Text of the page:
Hundreds of volunteers all around the city spent their Saturday morning being sure they’re ready for something we all hope never happens – a disaster that takes out regular means of communications and forces Emergency Communication Hubs to set up and spring into action.
The scenario citywide was: Sixth day after a big earthquake. Three of West Seattle’s hubs were part of it. For the Sunrise Heights hub at EC Hughes Playground and the Junction hub behind Hope Lutheran Church, it was their first drill. We visited both. “If we can’t communicate, we can’t allocate,” observed Junction hub captain Delores Kannas. “Our big goal is to match resources with needs. … Different people will show up, and it will evolve.”
The mission of the hubs is to facilitate neighborhood resiliency, recognizing that after a massive disaster, official rescuers will be overwhelmed, and neighbors will have to figure out how to help each other, while also prioritizing any huge needs that might be able to draw outside help.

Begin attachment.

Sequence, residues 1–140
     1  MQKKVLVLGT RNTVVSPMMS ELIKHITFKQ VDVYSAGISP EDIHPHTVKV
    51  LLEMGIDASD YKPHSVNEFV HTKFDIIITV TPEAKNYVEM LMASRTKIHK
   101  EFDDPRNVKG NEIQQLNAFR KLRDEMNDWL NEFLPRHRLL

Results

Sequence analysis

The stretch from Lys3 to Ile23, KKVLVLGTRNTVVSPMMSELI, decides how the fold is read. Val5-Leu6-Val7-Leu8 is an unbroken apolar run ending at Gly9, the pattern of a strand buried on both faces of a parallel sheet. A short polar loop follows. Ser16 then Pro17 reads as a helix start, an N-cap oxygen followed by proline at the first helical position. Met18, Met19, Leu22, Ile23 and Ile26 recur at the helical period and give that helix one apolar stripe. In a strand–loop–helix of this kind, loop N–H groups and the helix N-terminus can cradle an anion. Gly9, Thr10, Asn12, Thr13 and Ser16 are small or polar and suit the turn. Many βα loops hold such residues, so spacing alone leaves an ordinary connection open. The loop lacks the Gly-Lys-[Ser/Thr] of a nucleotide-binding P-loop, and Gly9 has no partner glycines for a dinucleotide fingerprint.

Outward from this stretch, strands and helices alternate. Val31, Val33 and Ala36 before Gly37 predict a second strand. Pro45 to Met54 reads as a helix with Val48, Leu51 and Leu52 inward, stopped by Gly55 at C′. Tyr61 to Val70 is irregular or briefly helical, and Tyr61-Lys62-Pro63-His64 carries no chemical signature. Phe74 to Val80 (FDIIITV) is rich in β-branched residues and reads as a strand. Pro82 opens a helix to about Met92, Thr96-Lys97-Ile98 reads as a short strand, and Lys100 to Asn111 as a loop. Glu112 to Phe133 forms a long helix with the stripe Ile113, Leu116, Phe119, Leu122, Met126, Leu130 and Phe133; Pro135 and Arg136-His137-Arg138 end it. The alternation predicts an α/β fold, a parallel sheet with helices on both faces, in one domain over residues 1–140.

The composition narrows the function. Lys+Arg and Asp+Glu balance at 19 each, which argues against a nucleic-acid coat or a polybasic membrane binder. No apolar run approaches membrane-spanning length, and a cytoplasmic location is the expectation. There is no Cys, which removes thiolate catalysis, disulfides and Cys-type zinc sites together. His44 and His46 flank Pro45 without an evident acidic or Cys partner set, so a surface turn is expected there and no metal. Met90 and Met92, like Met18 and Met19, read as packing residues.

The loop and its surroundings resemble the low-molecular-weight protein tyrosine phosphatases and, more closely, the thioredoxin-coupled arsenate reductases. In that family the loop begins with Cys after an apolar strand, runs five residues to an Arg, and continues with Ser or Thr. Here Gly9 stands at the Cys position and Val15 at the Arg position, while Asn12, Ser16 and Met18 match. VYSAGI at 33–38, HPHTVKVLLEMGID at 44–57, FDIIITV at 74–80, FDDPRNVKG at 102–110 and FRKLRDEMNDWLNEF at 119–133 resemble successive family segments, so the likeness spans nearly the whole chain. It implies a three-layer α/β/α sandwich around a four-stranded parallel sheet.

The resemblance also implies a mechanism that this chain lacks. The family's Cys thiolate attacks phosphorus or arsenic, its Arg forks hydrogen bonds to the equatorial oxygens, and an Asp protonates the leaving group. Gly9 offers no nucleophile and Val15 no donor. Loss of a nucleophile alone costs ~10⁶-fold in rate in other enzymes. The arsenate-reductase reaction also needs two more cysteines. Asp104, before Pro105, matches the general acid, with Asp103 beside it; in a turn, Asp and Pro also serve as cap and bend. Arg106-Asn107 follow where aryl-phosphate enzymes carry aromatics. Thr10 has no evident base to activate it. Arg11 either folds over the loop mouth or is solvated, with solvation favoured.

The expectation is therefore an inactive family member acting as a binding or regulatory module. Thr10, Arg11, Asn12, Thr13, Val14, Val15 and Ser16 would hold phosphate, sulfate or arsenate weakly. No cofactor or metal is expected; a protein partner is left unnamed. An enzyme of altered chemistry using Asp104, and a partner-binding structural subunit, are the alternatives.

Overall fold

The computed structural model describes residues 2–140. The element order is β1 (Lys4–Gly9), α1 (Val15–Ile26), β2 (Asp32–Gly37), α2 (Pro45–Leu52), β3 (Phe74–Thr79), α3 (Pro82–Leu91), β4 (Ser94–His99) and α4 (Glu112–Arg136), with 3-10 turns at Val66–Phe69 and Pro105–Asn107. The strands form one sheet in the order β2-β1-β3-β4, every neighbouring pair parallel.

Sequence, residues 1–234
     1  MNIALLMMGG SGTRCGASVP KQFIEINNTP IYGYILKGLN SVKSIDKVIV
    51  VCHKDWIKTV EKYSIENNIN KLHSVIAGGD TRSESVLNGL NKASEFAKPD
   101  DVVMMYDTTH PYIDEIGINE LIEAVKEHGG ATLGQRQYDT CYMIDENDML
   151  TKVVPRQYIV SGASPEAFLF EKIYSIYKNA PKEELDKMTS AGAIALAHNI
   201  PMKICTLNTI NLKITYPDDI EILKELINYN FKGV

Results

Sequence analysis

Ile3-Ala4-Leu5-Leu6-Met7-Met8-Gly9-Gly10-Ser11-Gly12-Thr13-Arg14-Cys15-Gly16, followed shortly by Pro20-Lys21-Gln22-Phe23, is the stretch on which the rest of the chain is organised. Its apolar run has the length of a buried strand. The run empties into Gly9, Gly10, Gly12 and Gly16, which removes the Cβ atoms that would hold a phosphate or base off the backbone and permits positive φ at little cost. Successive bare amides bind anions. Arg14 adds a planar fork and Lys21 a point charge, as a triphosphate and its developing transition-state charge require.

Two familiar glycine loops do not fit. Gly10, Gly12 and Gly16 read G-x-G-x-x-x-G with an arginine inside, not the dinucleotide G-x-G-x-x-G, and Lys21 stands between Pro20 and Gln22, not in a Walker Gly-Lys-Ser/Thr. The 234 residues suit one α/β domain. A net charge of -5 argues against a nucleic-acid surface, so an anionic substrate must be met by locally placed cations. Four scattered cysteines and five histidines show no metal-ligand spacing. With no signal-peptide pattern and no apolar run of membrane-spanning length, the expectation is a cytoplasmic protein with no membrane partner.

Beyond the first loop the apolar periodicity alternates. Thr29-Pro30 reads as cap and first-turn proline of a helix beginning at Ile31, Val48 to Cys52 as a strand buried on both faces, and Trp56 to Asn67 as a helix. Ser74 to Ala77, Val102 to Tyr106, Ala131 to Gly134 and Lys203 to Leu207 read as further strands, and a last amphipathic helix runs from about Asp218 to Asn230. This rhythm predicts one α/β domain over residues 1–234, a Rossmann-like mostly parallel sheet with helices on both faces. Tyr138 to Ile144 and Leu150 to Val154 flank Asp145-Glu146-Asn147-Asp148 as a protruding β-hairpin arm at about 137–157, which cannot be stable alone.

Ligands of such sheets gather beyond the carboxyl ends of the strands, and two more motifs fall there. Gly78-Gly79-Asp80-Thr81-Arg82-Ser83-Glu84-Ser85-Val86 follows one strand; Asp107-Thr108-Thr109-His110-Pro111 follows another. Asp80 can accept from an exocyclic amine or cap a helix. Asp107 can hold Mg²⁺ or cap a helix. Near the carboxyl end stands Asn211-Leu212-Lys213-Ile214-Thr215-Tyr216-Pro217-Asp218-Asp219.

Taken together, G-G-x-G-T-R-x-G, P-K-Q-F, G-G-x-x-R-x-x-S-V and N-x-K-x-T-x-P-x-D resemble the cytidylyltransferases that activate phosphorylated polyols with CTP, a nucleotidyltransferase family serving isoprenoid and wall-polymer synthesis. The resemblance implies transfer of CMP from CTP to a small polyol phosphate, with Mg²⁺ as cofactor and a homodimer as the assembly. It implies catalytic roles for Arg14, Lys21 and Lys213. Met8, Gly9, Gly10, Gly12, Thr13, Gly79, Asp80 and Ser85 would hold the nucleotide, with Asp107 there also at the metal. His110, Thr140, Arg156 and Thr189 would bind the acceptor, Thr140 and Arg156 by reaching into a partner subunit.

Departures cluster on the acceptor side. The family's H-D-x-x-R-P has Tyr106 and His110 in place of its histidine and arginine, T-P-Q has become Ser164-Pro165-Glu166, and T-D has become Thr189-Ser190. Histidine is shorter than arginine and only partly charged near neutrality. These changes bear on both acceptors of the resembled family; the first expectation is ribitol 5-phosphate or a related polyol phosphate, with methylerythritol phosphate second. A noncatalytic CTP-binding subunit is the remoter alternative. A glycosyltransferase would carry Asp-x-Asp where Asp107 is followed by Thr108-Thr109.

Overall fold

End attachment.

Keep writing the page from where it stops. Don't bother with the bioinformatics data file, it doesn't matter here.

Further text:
Besides tracking incoming requests, in ways as simple as notes on a fence, hub volunteers also communicate by radio, with each other and with city emergency officials, so volunteer amateur-radio operators are always a big part of drills.
An important part of your emergency preparedness is to know your nearest hub – here’s the updated map:
Click on the one that looks to be closest. You can also find the 13 hubs’ locations listed here (below that same map), on the West Seattle Be Prepared website, where you’ll find lots of other information to help you be ready, just in case.